A Sunday Morning in America, October 2018

DpeBg4HXgAAg2Ik.jpgFresh coffee and a cig on my parents’ porch. Marveling at the big sky, the mighty Atlantic, the salty autumn air. I can hear the Big Band music my dad’s playing in the bait shop behind the house, and organ music from the church on the corner.

A burst of laughter from a house down the block, one of the few with year-round residents here at the south end of the island. Other homes are closed up for the winter, leaving behind the hulking silhouettes of covered grills and a few lonely beach toys under patio tables.

My parents, now in their mid-seventies, have changed in the four years since I last saw them. I’ve missed personal evolutions and devolutions, and the political revolution I’m grateful they #resist. I’ve missed their smell, their hugs, their accents, their cooking.

I’ve changed, too. My hair is greyer. I’ve gained a few pounds, a second nationality, a third language. People, places and things that I’ve held as constants in my life in Europe have been altered almost beyond recognition, throwing me off my axis.

The dozens of photos in the hallway of my parents’ house span generations. There are graduations and birthdays and vacations and Sears portraits and moments that would have been forgotten if not for the camera’s eye.

In these photos I see the origins of my dimpled smile and my thick ankles. I see people who have died after long, epic lives, and I smile; others were taken from us suddenly, shockingly, and I flinch with guilt for not being here to bear witness to their passing. I miss them all.

I am the salty air and the old music and the reruns and the photos in the hallway. I am home.

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Welp, this is highly personal: Travel vs Vacation

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This may come as a surprise to many of my tens of dear readers, but: I am alive and well and although I haven’t posted on here for over a year (SORRY MOM) I have been working super hard, which has kept me in pasta and wine, so it’s all good.

But my big news is that for the first time since September 11, 2001 I am going on vacation.

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How to Travel Like A Spy

“Mr. Bourne, your luggage is waiting for you in Baggage Claim.”

Last December, WikiLeaks did one of its notorious document dumps and revealed some information that frankly thrilled me. The WikiLeaks document release included two reports from the CIA whose titles sound like pitches for summer blockbusters: “CIA Assessment on Surviving Secondary Screening at Airports While Maintaining Cover” (dated September 2011) and, even more up my alley, “CIA Advice for Operatives Infiltrating Schengen” (dated January 2012).

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On Embracing Your Preconceived Notions

YOU ARE LEAVING THE AMERICAN SECTOR

YOU ARE LEAVING THE AMERICAN SECTOR

Did you know that I went to Berlin two years ago? I did. I spent a little over two weeks there, on the cusp of winter. It was unbearably cold, and dark; it looked like 9:30am all day until night fell in mid-afternoon.

I arrived in darkness after an 11-hour train ride, during which I tried and failed miserably to commit to memory the incomprehensible combination of letters that is basic German vocabulary. From the magnificent wall of windows of the Berlin Hauptbahnhof I saw the lit dome of the Reichstag, and for the first of many times throughout my stay I said under my breath, “Holy shit, Berlin.”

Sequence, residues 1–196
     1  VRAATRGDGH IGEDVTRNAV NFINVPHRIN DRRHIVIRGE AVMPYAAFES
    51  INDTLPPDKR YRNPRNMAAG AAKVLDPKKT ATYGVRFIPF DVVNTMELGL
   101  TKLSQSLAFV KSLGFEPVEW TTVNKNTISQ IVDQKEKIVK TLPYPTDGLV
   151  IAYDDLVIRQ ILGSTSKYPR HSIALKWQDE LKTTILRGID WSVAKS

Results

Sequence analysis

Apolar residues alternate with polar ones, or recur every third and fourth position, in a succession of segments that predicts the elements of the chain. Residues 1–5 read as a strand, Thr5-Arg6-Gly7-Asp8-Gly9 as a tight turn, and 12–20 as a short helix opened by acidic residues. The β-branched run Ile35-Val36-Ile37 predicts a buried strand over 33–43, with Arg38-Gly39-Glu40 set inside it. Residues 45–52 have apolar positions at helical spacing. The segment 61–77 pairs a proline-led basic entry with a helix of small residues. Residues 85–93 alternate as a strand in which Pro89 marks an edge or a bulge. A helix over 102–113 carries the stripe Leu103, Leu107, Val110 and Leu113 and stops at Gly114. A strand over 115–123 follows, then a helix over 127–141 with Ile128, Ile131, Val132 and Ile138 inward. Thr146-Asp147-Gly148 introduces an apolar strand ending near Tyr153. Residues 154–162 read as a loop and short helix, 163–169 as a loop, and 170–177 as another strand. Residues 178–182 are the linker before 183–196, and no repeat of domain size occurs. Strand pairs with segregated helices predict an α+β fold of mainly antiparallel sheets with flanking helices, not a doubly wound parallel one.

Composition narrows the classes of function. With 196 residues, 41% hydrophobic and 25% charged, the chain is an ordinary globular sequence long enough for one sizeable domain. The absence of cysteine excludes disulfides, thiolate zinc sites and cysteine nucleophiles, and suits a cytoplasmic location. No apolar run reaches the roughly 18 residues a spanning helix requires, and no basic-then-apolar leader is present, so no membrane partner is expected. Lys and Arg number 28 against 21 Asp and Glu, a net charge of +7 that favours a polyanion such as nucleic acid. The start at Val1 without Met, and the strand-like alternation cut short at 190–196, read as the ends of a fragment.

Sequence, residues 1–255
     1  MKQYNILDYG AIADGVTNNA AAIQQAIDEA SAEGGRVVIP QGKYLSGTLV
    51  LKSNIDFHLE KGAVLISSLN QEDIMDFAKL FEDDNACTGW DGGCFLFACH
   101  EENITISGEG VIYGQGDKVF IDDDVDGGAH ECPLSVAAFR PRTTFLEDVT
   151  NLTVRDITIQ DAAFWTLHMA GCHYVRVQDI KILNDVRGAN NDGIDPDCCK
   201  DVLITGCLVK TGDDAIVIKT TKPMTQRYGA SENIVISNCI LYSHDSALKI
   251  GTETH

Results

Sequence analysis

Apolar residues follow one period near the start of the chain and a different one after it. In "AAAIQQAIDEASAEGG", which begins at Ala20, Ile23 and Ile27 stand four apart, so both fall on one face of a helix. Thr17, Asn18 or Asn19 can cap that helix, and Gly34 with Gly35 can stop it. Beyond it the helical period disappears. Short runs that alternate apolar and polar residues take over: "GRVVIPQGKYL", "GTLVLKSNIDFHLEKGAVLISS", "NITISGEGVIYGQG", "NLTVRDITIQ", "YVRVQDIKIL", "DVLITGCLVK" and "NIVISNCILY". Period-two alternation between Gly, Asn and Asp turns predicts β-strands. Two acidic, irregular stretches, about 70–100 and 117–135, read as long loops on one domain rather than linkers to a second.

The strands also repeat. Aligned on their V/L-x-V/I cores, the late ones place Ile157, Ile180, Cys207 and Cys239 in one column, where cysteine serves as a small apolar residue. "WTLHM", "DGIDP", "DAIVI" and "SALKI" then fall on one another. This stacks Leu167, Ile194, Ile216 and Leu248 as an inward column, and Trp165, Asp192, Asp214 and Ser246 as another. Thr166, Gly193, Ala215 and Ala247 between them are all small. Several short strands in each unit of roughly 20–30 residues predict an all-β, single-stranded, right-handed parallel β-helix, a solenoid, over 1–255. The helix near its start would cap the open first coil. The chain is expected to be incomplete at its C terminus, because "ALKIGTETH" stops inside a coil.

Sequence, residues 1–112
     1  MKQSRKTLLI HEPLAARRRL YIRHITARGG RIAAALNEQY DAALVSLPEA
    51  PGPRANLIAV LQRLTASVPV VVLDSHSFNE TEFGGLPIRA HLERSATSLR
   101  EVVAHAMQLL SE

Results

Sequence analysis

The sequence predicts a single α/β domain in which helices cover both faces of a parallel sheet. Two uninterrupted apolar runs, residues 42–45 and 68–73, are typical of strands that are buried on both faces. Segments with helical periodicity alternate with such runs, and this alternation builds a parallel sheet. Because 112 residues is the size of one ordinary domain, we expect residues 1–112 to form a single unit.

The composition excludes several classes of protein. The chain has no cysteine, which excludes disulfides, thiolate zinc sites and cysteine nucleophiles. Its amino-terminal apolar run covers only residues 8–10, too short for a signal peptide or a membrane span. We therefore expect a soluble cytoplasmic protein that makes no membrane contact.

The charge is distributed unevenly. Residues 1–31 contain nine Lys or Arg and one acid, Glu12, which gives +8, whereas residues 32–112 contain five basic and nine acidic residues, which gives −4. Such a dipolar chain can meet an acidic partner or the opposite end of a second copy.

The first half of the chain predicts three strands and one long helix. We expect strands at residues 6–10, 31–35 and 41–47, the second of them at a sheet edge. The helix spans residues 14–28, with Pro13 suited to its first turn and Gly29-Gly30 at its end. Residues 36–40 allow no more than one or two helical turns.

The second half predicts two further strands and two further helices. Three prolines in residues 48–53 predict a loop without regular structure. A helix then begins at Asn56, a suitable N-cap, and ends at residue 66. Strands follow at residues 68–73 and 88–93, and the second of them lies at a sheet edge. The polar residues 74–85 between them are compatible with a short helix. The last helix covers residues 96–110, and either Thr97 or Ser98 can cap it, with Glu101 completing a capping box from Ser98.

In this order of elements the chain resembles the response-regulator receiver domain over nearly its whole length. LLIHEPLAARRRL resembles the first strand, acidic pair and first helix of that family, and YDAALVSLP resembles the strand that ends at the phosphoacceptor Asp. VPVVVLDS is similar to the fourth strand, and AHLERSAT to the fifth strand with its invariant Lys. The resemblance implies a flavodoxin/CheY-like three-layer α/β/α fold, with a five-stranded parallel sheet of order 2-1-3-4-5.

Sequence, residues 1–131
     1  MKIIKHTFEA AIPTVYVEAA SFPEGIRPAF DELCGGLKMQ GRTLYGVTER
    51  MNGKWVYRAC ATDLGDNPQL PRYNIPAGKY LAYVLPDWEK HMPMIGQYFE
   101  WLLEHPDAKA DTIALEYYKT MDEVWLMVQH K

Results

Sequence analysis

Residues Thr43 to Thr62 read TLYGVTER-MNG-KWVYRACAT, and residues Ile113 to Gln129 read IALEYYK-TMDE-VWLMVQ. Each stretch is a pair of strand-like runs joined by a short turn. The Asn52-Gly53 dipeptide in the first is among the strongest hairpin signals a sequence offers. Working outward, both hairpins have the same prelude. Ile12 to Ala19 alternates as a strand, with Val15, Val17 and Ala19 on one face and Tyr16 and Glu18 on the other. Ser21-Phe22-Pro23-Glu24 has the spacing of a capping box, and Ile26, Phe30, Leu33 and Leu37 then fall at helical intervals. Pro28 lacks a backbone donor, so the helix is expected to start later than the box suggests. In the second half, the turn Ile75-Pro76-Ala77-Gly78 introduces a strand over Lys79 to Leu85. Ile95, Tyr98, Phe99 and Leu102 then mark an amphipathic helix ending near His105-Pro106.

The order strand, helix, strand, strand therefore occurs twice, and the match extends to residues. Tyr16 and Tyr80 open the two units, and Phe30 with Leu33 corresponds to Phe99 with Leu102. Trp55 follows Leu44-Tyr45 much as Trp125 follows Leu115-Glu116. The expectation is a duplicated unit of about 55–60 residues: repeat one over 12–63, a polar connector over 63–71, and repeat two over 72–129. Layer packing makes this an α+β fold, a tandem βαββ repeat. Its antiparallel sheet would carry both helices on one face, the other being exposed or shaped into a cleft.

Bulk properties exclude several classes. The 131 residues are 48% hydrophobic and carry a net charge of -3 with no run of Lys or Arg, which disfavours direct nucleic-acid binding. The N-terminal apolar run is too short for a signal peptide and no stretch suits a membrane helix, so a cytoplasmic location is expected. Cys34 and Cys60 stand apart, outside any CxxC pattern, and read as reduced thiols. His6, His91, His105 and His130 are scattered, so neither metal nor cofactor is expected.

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On Homesickness

Literature

Ed. note: I’m reposting this after a wave of recent homesickness, but it was originally posted on June 28, 2011.

There are these weeds in Rome – I’m sure they’re in other places too, but I’ve only ever seen them in Rome – that have long stems that look furry, but they’re prickly. If you grab them without thick gloves it feels like your hand was dipped in acid for about two minutes, which is a long time when your hand feels like it’s been dipped in acid. During those two minutes you’re running to wash your hands and then you’re washing your hands and you can’t think of anything else except the blinding pain. And then the pain subsides and it’s hard to remember how badly it hurt.

This is what homesickness feels like, except the blinding pain is inside you so there’s no washing it out; you’ve got to ride it out until it subsides. Continue reading

Um… Why Isn’t Everyone Taking A French Barge Vacation?

Note: I’m reposting this because my friends could use more visitors to their Canal du Midi vacation barge, so if anyone you know is looking for a truly unique French vacation experience, GET ON IT!

Colombiers + Barge

Mel and I bade our sad goodbyes to Hotel d’Europe in Avignon, and armed with pastries and coffee from our guardian angel Fernando, we set out for our next adventure. But first – a pit stop in my adopted hometown, Montpellier!

Mel met Ladybird, who gave her some much-needed snuggles; and Cal, who proudly showed off the city he’s called home for more than 10 years. We walked through the Place de la Comedie and the Esplanade, and then took her on a tour of one of the oldest toy stores in France. Mel was thoroughly enchanted, and after a tasty lunch we were off again – this time to Colombiers, a small hamlet on the famous Canal du Midi in the Languedoc region.

After some helpful directions from an impossibly filthy mechanic on a forgotten street outside of town, we were greeted by my old friends Domi and Gwennie, and welcomed into – or rather, aboard – their home, Peniche Oz.

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